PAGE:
By Nicole Barbaro, PhD, Senior Communications Content Manager, WGU Labs
The technological transformation of higher education has brought about substantial change to the average college student’s learning experience. EdTech is more ubiquitous than ever before. College courses are offered in a variety of online and in-person formats. And, student support services are becoming increasingly hybrid.
The data presented as part of our EdTech Survey Series with students and faculty show that higher education is bound for a technology-enabled future. When implemented well, the integration of EdTech into students’ learning experiences can provide ample opportunity to boost student success.
But students are expecting more from their institutions today: they want high-quality, effective learning both in person and online, in addition to multi-modal options for academic, support, career, and social experiences. The ubiquitous nature of EdTech within the college experience necessitates that college leaders act to ensure the best possible experiences with EdTech to improve student satisfaction and success.
Learn more by downloading our 2022 CIN EdTech Student Survey report
Our 2022 data show that institutions have made many improvements in students’ tech-enabled learning experiences since the 2020-21 academic year, but there remain areas for innovation. To meet student expectations, institutions must commit to improving the student EdTech experience year after year. Based on the data reported in this 2022 report, we recommend three strategies to do so.
Invest in Tech Support for Students
Our 2022 data show that 30% of students surveyed reported encountering difficulties using or accessing EdTech needed for online learning, and just over half of students reported that their institution was helpful in resolving such issues. Although this is an improvement from the 2020-21 academic year, there remain substantial gaps to be filled with student tech support.
As EdTech is increasingly needed to participate in college courses, students need variable support options – both in-person and online – from institutions and EdTech companies to ensure they can fully engage with the course, content, and their peers. Especially as college courses with fully online components become more common, which allow for students to engage with the course on their own schedule, institutions must rethink how they staff tech support on campus – staffed offices only during regular business hours are not effectively serving many students.
Identify Students Who Struggle With EdTech Early
Our 2022 data shows that 24% of students surveyed report struggling with learning how to use EdTech, and 37% of students surveyed report that most of the EdTech they used in the past year was new to them. This matters because students who report struggling with EdTech also report feeling less confident about adapting to new EdTech, and feeling less confident about their next educational steps, among other things.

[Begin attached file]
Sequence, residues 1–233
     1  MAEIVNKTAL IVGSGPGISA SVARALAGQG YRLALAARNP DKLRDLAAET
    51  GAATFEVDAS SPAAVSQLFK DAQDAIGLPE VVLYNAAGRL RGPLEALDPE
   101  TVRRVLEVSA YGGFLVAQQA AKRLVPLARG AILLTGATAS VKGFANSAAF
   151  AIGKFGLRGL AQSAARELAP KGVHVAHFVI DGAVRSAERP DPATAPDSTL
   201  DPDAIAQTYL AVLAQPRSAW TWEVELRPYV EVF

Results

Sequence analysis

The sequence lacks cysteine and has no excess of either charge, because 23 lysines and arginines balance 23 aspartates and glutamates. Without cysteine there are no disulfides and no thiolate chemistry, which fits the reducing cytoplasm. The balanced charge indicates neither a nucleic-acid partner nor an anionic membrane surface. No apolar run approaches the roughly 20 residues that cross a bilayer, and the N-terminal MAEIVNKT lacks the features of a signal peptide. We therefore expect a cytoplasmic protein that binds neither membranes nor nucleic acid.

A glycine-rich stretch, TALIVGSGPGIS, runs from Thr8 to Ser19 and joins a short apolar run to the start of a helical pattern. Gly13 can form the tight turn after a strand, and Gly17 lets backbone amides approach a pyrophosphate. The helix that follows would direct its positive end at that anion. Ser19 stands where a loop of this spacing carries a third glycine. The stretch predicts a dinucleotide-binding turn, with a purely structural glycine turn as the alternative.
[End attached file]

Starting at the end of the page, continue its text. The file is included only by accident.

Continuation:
Boosting student confidence in their ability to adapt to changing technology and improving their experience using EdTech can be improved by identifying struggling students early on in the term. This can be achieved both at the university level and the course level.
Universities can ensure proper education and training with university-wide EdTech systems such as their learning management system, email and communications channels, and how to resolve issues. Faculty in courses can survey students during the first week of courses about their skill level and confidence in using the variety of technologies that are being used in the course. By proactively offering EdTech instruction and resolving gaps in knowledge early, EdTech can be a source of enhancing learning rather than a barrier to it.
Rethink Implementation of Learning Science in Online Course Modalities
Our 2022 data show that students want more online learning options but they remain critical of the quality of learning they receive in online courses, and whether the credentials they earn are equivalent to in-person credentials. There are many potential reasons why online learning is perceived as lower quality. Ensuring that online courses are being designed around learning science is one way to combat this perception gap.
The near-universal shift to online learning in higher education in 2020 revealed that online learning has different challenges that must be addressed compared to in-person learning. Creating the online courses that students want requires intentional design, creative thinking, and a deep understanding of the user experience with technology and online settings. Although similar learning principles will apply in all course modalities, the implementation of those principles will look different.
Overall, the 2022 CIN EdTech Student Survey shows that students are adapting well to the technology-enabled new normal of their higher education experiences. In fact, 88% of students surveyed report feeling confident in their ability to adapt to new EdTech being used in their courses, up from 83% in 2021. As our students, faculty, and institutions continue to change, the CIN EdTech Survey Series will continue to track the perils, progress, and predictions of the new technology-enabled state of higher education.